Shiro Kashiba's name has long been synonymous with great sushi in Seattle, first at Shiro's in Belltown, and now at his own spot in the Market. The freshly flown-in tuna and expertly sourced local shellfish are masterfully prepared by the septuagenarian chef and his most dependable lieutenants.
Small Greek plates with big flavors in Pike/Pine
Though it was already doing a fairly good impression of Greek island life before, this new-ish spot is sporting a menu upgrade thanks to an infusion of energy from chef Zoi Antonitsas, formerly of Westward. From octopus appetizers to fluffy doughnuts, Omega is delicious, and worthy of date night.
Omakase on what might be Seattle's best restaurant street
Small and quiet, tucked away on what's quickly becoming Seattle's hottest dining 'hood (Junebaby is down the block and Salare, which made this list last year, is nextdoor), this sushi spot is the tortoise to Sushi Kashiba's showy Downtown hare. Even after receiving three stars from the Seattle Times, it seems that the secret of Seattle's best sushi stays quiet.
Seattle's best tapas restaurant has a stunning new space
For most of a decade Belltown's Pintxo operated out of a charming, small space on 2nd Avenue, but last year they moved into a much larger, but still intimate, space a couple of blocks away that not only looks amazing, but makes for a more welcoming dining experience, and also boasts one of Seattle's best new bars off the alley in back.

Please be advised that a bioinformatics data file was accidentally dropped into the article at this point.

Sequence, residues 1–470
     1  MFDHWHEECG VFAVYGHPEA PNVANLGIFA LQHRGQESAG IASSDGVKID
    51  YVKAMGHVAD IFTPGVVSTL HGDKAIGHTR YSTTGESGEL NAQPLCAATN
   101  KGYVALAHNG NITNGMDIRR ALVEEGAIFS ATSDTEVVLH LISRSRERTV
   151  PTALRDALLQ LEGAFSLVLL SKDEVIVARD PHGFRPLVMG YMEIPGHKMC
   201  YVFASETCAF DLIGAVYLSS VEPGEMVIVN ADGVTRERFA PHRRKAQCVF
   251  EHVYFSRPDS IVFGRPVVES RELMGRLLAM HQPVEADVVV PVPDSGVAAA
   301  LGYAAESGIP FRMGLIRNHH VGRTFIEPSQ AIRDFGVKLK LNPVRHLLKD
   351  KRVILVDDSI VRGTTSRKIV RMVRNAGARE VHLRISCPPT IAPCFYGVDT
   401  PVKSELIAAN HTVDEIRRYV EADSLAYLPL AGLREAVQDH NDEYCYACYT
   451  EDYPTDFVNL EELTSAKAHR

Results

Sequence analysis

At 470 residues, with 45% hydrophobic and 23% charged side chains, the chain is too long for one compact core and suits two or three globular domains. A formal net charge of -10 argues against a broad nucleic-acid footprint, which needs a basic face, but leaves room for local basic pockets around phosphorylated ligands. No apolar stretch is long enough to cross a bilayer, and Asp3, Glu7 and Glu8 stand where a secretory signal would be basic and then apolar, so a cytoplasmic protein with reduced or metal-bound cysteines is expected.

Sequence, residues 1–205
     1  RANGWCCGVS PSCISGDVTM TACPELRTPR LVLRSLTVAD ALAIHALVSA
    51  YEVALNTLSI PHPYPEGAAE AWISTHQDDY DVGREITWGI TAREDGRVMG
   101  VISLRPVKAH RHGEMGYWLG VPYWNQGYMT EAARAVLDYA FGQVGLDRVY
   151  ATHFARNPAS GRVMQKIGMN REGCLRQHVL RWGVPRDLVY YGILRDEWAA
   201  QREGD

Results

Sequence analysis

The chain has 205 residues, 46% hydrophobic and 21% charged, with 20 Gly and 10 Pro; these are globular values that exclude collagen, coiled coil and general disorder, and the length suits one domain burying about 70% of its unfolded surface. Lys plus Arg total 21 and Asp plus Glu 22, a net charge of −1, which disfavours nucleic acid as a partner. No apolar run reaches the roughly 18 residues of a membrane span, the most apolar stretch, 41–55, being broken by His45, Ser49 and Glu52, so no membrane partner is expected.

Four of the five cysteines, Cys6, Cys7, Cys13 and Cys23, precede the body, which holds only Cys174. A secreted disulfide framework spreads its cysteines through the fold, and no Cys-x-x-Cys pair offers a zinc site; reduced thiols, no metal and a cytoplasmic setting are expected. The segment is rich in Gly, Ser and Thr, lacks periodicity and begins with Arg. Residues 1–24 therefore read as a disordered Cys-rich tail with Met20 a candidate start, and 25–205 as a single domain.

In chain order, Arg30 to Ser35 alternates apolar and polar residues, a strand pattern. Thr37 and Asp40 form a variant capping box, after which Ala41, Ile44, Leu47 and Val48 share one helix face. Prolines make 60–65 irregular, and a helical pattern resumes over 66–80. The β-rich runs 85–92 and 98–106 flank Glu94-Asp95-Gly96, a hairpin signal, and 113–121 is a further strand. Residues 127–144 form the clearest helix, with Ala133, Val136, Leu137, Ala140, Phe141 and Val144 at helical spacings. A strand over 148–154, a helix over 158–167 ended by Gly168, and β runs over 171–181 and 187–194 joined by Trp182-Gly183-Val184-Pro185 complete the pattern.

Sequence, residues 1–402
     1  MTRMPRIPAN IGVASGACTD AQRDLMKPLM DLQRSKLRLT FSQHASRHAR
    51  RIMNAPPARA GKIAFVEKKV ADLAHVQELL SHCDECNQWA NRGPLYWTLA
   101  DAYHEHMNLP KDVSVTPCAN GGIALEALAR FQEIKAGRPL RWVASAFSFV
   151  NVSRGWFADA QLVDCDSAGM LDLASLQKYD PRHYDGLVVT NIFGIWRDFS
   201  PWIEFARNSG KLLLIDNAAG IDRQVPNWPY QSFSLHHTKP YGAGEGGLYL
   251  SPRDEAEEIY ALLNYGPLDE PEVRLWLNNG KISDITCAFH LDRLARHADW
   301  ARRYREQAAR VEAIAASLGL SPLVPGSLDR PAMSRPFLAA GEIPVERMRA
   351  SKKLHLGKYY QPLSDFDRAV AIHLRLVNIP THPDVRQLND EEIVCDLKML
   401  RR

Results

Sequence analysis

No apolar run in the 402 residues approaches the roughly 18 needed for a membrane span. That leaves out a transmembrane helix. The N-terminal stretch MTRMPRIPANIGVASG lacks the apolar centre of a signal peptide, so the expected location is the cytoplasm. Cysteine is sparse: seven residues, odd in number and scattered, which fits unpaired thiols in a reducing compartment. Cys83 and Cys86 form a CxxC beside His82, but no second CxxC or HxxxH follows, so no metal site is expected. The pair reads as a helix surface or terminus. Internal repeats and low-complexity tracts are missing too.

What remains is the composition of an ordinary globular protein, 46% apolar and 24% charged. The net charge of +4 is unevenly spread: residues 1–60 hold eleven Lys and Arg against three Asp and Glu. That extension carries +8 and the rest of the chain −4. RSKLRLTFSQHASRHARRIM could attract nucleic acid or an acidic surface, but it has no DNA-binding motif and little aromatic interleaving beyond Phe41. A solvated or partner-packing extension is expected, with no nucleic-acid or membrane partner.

One of the country's best new restaurants of 2017
Apparently not satisfied with running one of the best restaurants in Seattle (nearby Salare was on the last version of this list) the increasingly recognizable chef behind this elevated Southern establishment opened Junebaby less than a year ago and started serving his unique take on decidedly non-elevated dishes, ranging from Swamp Cabbage to oxtails, to very long lines of happy Seattle diners.
Chef Jason Wilson's stylish, new Eastside endeavor
One of Seattle's leading chefs hasn't quite decamped to Bellevue (Downtown steakhouse Miller's Guild is also worth a visit), but he has taken over a large portion of the new Lincoln Square expansion. There's a speakeasy-style bar called Civility & Unrest and The Lakehouse, which boasts a stunning black and white dining room, one of Seattle's best brunch menus, and seasonally driven dishes (deviled local ranch eggs, seared Alaskan scallops, etc.) that look as good as they taste.
One of the best "small" restaurants in America gets some big new digs
For a decade, Art of the Table turned out a constantly changing seven- to ten-course tasting menu in a cozy space that felt a lot like eating in the chef's home, but not any more. Now they're serving the same hyperlocal farm-to-table food -- though they've added an a la carte menu -- in a sweeping new space that is finally large enough to match the restaurant's outsized reputation.